Review: Age Of Steam

Is Age of Steam the greatest train game yet created? Possibly.

I say that mainly to impress upon you that it really is good enough to be considered in the top rank of such games. The secondary motive is that there is a lot that I’d like to say about the game and much of it can be construed as negative. Examining a game in minute detail has its advantages but the big picture can easily be lost when taking such a view. If you prefer the short version, it’s this—if you appreciate heavy, mentally taxing yet rewarding games such as 18xx or Die Macher, then I highly recommend Age of Steam, buy it.

Players are presented with a hex map showing several cities and towns along with a few rivers, mountains and lakes. Throughout the game players will build track, creating links between cities and towns (this concept of a “link” is important as it governs many aspects of the game). Unlike 18xx these links are owned by players although this does not prevent others from using them. Players earn money by transporting goods across links to destination cities, for every link used the owner’s income is increased by one. Obviously players will attempt to build track so that they can transport goods using only their own links but this is not always possible. Further, they’ll want to create as convoluted a set of links as possible—if you can send a good on a long, tortuous route over five of your links you’ll be much better rewarded than if you take the direct route. So much for efficiency. This sums up the basic framework of the game but there is much in the way of features and complications.

The most noticeable (and important) feature are the roles—each player will choose one of the seven available each round and they all have special abilities, some of which are very important. For example, the “Locomotive” role lets you upgrade your train. Initially you can only move a good over two links and so it’s imperative that you upgrade so that you can make use of longer routes. Other roles let you build four pieces of track (instead of three), transport goods before the other players (there are a limited number on each city) or upgrade a town to a city.

Altogether there are seven different roles and some of them are significantly better than others. Since only a single player may select each role in any given turn, the auction to determine player order is critical. All the more because money is tight in this game, very tight. Each player starts with $10 and must use this to bid for turn order as well as constructing track. It won’t take long to realize that $10 will not go far at all. Since income is likely to be less than $10 for the first several turns it might all seem a little bit hopeless. There is some help though but it comes at a big price—shares. Players may issue shares for which they receive $5. (In fact, the initial $10 comes from the two shares each player starts with.) The catch? At the end of each round players must pay $1 for each outstanding share. Since there’s no way you can buy these back, they’ll forever be a chain around your neck. Things are so dicey at the start of the game that it’s very easy for players to enter a “cycle of death”. If you don’t have enough money to pay your expenses (shares and upkeep on your train) you need to reduce your income for every dollar you’re short. Of course this means you’ll start the next round not only with a reduced income but you’ll need to take out more shares which increases your expenses which then makes it even harder to pay your expenses next round. It won’t take too long for such a player to go bankrupt so an incredibly careful eye needs to be paid to finances during the early turns. Often the loss of a single dollar can cause a player to enter a death spiral so it’s not something that can be taken lightly. For the most part players tend to be concentrating on their own sections of the board throughout this phase so any such problems are usually the player’s own fault. Still, it’s something that must be paid close attention to.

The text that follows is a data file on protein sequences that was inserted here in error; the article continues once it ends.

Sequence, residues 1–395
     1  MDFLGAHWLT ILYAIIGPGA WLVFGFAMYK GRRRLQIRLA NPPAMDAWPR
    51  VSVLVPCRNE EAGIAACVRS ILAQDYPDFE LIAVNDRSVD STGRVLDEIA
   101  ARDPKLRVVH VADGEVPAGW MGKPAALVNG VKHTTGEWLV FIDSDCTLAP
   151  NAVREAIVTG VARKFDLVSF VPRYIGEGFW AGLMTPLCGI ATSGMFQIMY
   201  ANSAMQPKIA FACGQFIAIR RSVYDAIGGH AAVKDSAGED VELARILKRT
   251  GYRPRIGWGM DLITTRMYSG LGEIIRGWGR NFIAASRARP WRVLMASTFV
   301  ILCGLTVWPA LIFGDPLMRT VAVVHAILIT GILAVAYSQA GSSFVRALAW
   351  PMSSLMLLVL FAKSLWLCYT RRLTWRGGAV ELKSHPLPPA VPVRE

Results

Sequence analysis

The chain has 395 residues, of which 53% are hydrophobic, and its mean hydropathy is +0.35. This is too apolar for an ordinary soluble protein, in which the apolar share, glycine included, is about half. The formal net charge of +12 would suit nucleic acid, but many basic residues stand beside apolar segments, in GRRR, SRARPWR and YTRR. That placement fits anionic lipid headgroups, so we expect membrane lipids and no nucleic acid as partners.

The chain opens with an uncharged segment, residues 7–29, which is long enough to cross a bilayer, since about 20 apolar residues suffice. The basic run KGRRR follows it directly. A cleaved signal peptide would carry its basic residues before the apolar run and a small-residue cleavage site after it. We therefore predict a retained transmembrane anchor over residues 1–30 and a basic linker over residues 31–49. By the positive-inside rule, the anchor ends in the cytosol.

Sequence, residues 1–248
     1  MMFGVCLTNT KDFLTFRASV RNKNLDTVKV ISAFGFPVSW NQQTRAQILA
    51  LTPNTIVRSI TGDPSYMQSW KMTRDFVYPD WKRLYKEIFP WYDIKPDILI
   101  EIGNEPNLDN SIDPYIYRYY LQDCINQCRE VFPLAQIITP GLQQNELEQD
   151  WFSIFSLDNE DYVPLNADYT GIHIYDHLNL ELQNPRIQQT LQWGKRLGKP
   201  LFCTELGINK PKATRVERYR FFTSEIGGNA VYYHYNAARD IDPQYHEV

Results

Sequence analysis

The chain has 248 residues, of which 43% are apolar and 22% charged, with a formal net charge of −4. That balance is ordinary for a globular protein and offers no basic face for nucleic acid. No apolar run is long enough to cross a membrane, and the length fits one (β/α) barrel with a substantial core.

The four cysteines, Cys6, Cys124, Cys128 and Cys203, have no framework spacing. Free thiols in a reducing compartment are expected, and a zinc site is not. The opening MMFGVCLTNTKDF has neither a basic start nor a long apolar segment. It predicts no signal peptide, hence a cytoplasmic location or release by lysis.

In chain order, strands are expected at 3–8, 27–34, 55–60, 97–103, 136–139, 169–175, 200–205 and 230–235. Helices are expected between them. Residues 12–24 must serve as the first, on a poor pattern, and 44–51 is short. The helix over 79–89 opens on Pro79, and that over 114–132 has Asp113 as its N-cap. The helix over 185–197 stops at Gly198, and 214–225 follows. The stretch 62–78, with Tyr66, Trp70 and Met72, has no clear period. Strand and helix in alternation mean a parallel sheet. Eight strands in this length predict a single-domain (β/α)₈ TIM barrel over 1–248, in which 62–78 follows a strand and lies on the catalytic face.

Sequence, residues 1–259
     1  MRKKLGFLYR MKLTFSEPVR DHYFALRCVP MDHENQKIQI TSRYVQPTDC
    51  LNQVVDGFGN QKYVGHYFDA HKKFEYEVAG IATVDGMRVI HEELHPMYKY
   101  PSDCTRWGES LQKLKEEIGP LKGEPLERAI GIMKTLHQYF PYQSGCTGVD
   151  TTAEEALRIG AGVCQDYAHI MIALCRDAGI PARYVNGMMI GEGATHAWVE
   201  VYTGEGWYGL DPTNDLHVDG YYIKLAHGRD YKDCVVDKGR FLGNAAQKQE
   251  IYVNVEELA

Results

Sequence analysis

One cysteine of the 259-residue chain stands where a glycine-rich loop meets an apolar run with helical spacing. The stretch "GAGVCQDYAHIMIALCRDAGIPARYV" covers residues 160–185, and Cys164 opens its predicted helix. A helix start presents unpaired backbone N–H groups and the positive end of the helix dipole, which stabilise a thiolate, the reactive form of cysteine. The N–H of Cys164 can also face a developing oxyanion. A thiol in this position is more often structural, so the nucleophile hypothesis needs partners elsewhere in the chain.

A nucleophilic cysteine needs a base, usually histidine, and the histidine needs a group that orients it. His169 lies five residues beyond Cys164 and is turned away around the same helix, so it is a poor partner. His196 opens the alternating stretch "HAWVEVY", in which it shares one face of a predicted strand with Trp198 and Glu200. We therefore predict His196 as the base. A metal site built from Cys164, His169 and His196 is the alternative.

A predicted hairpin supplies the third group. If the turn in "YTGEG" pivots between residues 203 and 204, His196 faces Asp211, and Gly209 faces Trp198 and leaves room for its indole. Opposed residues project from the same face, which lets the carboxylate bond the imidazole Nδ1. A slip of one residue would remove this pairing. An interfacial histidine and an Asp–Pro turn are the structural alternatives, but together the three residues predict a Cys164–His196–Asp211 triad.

Eventually, as track gets further developed and engines are able to cross more and more links, the players’ incomes will increase such that the need for loans is greatly curtailed and expenses are readily met. At this point the competition for the limited number of goods starts to heat up. The goods are colour coded and must be delivered to a city matching this colour. Since they belong to no one, any player is free move any good to a valid destination. If multiple players have the ability to move a particular good, then it’s probably best to move it before your opponent gets the opportunity to do so.